If you want to succeed behind the plate, you need to practice your catcher technique to set up and receive pitches until it becomes second nature. Here are some pointers.
Relax the mitt off the front of your knee. Make eye contact with the pitcher to be certain he’s engaged with the rubber. If he’s not, but you give the signal anyway, that is a balk. In most situations, you’ll give the signal with your throwing hand and relay it to the pitcher on a number sequence. Place your signal hand directly against your cup. Make sure the pitcher keeps his eyes on the signs until you complete all signals for pitch and location. The pitcher will then give a non-verbal indication that he is ready to start the delivery.
In some situations, a base runner will see and potentially relay your signals to his teammates. Thus, you must mix up the signals so the other team doesn’t know what pitch you’re calling. Many signals are variations of your pitch-calling sequence, including touches to the mask for fastball. A change-up could be a touch to the chest protector. Some catchers paint their fingers or fingernails so the pitcher can see the signals easier during a night game.
Your receiving stance should remain constant if you’re going to set the same target for every pitch. Your feet should be slightly wider than shoulder-width apart, with your throwing side foot slightly behind your glove foot. Your hips should be parallel to your knees in a comfortable position. You should be able to move laterally to block a pitch and move to field a bunt or a pop-up hit close to the plate. Place your glove directly in front of your sternum to see the pitcher over the target. Your elbow goes over the top of the knee, and the palm of your glove hand faces the sky so the pitcher can see the mitt as a larger open target.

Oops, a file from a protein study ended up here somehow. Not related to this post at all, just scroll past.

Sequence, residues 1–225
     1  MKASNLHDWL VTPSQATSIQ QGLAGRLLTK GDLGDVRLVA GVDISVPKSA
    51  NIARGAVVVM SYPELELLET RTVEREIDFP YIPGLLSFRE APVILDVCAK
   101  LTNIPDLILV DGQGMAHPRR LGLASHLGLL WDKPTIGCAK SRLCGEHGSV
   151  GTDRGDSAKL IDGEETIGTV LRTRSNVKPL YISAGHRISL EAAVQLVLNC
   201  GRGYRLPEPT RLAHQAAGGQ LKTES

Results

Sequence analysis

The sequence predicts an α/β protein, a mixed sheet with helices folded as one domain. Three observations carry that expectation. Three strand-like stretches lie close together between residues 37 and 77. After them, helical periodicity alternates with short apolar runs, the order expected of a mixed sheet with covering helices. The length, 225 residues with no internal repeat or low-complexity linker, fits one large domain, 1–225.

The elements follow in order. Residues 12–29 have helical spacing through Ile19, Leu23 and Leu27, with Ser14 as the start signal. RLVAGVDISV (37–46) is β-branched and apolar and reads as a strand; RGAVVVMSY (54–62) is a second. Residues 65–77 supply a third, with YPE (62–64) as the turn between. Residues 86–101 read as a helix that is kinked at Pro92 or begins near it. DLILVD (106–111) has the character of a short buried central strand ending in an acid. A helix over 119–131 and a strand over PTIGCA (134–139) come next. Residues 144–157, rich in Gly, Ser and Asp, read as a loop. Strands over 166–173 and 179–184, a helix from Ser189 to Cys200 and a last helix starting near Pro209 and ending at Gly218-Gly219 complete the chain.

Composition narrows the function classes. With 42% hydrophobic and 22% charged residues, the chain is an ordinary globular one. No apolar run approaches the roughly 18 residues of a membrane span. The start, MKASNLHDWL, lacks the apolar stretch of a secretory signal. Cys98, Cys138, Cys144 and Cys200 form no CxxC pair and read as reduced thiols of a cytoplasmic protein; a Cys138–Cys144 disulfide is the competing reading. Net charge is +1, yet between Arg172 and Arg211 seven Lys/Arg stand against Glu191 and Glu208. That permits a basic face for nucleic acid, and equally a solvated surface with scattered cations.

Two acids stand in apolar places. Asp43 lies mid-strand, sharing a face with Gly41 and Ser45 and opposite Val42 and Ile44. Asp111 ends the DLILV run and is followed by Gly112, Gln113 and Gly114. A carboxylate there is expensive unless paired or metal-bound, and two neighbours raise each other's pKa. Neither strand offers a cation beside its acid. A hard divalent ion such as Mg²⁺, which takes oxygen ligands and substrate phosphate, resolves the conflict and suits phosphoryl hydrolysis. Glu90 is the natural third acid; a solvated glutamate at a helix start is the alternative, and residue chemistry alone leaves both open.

When you’re setting up in a receiving stance, place your fist behind your knee with your fingers wrapped over your thumb. This will protect your fingers and thumb if the ball comes in contact with your hand. Keep your hand in this position throughout the pitch, even if you need to block the ball. The thumb will pop up the two “power” fingers to grasp the ball so you can throw it back to the pitcher or to a fielder during a stolen-base attempt.